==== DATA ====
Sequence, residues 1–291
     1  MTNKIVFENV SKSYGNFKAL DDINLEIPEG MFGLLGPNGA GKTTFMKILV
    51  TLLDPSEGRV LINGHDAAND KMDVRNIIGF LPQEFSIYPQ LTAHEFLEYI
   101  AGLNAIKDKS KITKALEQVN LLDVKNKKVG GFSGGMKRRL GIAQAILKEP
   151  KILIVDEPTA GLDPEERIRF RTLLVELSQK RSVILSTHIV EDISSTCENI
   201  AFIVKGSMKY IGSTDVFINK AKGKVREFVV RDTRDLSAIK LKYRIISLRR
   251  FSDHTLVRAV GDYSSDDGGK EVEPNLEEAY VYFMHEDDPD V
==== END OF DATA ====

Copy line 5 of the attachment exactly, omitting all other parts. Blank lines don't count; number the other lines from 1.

   151  KILIVDEPTA GLDPEERIRF RTLLVELSQK RSVILSTHIV EDISSTCENI